Dr. Crimm's full Texas Talks on two Tejano women: Patricia de Leon and Petra Vela Kenedy, recorded in December 2015, contrasts these women's experiences in 19th century Texas. Patricia de la Garza de Leon was born in 1775 from a prominent Mexican family. She inherited a fortune from her father, which she used, along with her empresario husband, Martin de Leon’s money earned from the sale of livestock to establish...
Dr. Crimm discusses the experiences of Galvez as the governor of New Orleans, detailing his marriage and family, as well as, his military successes in the region.
Dr. Crimm discusses the military experiences of Galvez, who as a young lieutenant was assigned to Chihuahua. He was charged with defeating the Apache in this desolate region and inspired his men to bravery. Galvez learned the meaning of command in Mexico. He also met and defeated the Apache, taking many captive. Back in Chihuahua, instead of punishing them, Galvez learned their language and spoke to them. He...
Dr. Crimm discusses the experiences of Bernardo de Galvez, the outcome of the Louisiana Purchase, and the governance of Louisiana by Spain.
Dr. Crimm discusses the Galvez family, including the life of Bernardo’s uncle Jose de Galvez, who came from humble beginnings and left an enduring contribution to history through his influence on the Bourbon monarch Spain’s King Charles III. Crimm also discusses the role of Creoles in New Spain, who eventually lead to Mexico's independence from Spain.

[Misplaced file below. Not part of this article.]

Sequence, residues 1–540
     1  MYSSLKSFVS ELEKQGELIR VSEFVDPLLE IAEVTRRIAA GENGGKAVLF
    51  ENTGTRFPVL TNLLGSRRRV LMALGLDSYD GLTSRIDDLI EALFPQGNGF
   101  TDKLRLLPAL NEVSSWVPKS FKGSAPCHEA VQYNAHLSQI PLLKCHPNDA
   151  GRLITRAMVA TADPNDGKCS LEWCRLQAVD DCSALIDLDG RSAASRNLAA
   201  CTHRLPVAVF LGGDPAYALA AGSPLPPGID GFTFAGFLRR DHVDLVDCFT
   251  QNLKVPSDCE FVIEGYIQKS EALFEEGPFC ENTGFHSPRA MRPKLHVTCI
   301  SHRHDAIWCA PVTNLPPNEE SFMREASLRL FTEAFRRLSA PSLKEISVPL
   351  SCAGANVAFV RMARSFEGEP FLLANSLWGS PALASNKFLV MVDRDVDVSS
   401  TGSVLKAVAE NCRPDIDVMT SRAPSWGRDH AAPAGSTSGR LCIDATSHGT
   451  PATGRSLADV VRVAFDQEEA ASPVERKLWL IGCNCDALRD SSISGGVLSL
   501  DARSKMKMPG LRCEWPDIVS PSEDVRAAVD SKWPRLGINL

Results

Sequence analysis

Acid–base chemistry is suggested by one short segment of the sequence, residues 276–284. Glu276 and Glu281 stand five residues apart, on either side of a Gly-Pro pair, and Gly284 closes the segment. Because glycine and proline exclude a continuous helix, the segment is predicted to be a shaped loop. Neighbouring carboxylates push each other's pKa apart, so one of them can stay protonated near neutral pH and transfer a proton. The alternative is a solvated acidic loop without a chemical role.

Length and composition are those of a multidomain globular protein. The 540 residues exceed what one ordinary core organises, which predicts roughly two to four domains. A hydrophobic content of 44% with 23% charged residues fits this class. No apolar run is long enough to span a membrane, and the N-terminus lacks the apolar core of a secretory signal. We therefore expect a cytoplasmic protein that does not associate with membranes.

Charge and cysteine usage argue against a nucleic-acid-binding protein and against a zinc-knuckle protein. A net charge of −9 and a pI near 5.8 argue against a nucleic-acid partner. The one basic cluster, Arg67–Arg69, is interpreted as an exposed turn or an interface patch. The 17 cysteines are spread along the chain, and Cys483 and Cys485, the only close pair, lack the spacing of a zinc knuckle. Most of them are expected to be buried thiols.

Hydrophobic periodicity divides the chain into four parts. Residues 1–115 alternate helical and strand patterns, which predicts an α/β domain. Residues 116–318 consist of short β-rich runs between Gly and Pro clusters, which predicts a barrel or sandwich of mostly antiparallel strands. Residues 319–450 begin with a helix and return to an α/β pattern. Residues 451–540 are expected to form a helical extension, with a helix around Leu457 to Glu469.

Dr. Crimm takes live questions and answers after her talk on November 2, 2015 on Bernardo de Galvez. She discusses his treks to the Pacific, how he funded and smuggled supplies to the Americans during the Revolutionary War, the legacy of Galvez in Mexico and the first cattle drive from Texas to Louisiana.
McCaslin discusses the importance of the Marqués de Rubí's inspection and subsequent recommendations for ruling the area in the 18th century, advising much of the area in Texas to be abandoned.
On October 14, 2015, Dr. Rick McCaslin discussed the regulation of the presidios in Texas after the Marqués de Rubí's inspection of the territory.
Dr. McCaslin sets the stage to discuss the Spanish Empire and the Marqués de Rubí's task to inspect and make recommendations to the King about Spain's northern territory in Texas and across the southwest in the 18th century.